He writes with humility and clarity, in spare, uncomplicated prose, with a storyteller's gift in short and long fiction, essay and memoir
David Gaunt, Australian Bookseller & Publisher
Every so often someone writes fiction that ravishes the popular imagination. Robert Drewe … has done it again in Whipbird, an absolutely compelling read and also something more. Like Tsiolkas’s The Slap, it has the great advantage of both a soap element and a massive ensemble effect, beautifully coordinated ... It's a kind of Canterbury Tales standing still, and it's a winner.
The Saturday Paper
Drewe's literary instincts are as impeccable as his ear for the English language is unfaltering . . .
Richard King, Weekend Australian
There's satire, revelation and redemption aplenty in Robert Drewe's latest novel.
Digby Hildreth, Verandah Magazine
Drewe has moved into the forefront of contemporary writing in English
Sydney Morning Herald
One of the most significant novelists currently working
The Guardian (UK)
Drewe’s writing is cinematically immediate and crackles with an intensity of sense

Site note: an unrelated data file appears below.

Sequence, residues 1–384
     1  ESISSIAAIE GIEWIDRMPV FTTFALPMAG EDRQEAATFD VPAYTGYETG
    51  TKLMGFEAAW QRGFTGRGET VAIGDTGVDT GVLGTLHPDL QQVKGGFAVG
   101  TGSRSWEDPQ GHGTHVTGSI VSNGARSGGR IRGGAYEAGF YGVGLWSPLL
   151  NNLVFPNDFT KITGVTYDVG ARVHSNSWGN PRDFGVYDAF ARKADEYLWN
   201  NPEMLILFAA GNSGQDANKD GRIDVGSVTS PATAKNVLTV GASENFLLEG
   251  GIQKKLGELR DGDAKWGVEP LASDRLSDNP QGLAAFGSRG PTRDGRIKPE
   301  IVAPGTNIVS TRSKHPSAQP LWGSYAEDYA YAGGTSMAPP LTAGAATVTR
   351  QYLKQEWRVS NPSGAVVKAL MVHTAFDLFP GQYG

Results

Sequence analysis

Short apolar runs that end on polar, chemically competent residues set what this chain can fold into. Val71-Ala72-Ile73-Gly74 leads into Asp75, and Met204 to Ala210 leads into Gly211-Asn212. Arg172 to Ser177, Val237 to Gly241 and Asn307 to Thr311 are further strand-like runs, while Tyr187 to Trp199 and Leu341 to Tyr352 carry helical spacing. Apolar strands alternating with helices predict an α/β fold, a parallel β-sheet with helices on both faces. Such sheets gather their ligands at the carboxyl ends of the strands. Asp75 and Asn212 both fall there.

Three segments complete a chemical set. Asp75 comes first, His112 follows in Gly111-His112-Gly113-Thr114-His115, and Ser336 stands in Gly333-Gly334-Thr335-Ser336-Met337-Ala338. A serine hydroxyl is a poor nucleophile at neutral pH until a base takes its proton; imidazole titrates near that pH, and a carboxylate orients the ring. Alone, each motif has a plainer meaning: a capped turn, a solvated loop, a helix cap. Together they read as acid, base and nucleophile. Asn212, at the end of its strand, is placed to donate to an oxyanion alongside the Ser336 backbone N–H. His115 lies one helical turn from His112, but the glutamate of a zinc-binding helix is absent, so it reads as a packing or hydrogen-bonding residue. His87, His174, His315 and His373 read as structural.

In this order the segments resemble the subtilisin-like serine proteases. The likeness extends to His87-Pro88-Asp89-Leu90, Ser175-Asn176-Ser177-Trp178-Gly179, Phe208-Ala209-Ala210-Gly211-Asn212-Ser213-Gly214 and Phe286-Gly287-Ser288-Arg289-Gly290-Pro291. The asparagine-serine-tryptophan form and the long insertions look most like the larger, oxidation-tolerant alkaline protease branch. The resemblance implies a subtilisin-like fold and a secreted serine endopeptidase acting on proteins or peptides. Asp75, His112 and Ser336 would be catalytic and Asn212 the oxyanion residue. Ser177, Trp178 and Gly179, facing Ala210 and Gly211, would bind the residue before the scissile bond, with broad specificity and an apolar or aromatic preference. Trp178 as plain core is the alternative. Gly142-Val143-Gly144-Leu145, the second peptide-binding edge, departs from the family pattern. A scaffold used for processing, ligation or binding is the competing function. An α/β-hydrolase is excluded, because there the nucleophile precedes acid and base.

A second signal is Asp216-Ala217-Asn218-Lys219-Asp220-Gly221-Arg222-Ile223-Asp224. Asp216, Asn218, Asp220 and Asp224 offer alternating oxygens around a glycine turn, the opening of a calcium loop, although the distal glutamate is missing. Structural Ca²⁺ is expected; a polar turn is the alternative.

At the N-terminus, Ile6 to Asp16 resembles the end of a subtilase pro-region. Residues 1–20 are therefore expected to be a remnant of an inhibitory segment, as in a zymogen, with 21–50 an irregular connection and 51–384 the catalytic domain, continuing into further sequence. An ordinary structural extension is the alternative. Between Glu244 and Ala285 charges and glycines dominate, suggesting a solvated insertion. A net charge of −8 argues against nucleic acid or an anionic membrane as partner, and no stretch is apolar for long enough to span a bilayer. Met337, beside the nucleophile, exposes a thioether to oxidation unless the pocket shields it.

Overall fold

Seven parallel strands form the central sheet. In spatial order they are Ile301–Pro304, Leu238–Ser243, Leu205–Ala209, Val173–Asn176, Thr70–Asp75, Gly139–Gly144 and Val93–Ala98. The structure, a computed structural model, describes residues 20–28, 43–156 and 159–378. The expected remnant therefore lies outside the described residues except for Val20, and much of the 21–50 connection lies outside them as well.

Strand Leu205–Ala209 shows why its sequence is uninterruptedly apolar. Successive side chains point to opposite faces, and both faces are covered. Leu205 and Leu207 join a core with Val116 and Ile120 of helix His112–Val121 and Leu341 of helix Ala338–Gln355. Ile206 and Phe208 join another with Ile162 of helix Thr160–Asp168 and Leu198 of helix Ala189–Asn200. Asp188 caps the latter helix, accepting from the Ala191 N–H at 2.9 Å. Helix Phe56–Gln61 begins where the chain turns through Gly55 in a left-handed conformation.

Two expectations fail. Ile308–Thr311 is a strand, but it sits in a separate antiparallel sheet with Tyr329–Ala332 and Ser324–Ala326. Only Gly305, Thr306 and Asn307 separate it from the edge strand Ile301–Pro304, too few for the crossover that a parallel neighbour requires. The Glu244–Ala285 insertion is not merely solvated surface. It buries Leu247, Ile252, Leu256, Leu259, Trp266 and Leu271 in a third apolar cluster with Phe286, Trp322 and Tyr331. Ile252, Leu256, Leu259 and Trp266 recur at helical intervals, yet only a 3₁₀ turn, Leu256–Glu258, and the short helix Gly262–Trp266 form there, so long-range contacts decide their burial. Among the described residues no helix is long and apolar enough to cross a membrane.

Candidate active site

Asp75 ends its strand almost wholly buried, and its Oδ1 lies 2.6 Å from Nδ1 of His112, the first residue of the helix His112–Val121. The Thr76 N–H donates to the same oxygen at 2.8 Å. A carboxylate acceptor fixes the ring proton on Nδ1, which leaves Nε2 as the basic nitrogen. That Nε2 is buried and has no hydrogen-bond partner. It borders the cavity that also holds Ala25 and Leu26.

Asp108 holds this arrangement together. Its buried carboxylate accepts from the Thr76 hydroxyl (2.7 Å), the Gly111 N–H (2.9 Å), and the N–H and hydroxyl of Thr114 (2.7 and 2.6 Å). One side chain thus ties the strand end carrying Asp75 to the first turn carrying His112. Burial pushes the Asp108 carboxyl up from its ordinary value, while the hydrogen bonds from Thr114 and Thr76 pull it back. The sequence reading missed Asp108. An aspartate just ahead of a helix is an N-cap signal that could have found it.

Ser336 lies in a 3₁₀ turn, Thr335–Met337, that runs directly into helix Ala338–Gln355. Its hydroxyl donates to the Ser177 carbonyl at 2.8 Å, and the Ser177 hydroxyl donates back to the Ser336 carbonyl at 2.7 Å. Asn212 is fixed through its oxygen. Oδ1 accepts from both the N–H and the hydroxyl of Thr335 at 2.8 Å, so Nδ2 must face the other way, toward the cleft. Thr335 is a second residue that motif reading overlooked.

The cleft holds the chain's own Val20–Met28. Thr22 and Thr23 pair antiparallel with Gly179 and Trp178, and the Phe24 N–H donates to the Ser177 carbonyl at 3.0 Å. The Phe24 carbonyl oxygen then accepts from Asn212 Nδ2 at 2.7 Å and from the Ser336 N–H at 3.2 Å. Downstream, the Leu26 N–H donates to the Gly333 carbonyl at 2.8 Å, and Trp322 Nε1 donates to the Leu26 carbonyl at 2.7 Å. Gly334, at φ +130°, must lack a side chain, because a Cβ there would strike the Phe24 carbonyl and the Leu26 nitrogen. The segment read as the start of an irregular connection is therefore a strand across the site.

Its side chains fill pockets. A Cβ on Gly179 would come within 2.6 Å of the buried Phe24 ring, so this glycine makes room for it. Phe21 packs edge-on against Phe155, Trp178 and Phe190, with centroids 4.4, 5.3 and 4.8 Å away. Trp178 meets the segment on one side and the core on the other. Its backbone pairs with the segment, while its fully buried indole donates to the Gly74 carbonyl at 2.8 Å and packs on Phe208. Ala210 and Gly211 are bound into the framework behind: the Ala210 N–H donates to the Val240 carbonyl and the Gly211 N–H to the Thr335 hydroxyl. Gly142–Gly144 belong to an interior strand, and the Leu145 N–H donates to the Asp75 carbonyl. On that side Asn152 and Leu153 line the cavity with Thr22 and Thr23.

One of the undisputed masters of Australian storytelling
ABC Radio National
A rich cloud of meat smoke drifting slowly across the grapevines and paddocks greeted the members of the Cleary family as they arrived at the vineyard. The tasty mist from a dozen barbecues billowed over the house – the ‘homestead’, as Hugh Cleary called it – and the stable and the rammed-earth wine cellar, and above the rows of newly planted pinot noir vines, and curled up into the blue gums and manna gums bordering the creek.
Now he believed he was a dead person, Hugh’s younger brother Simon ‘Sly’ Cleary peered out of the car window at the gaunt new vines and wondered how long he’d be spending in this gravelly realm between heaven and hell. In the eyes of the former keyboard player for Spider Flower, suffering a delusionary mental belief that he’d lost his vital organs and no longer existed, perhaps this particular phase was Purgatory.Continue Reading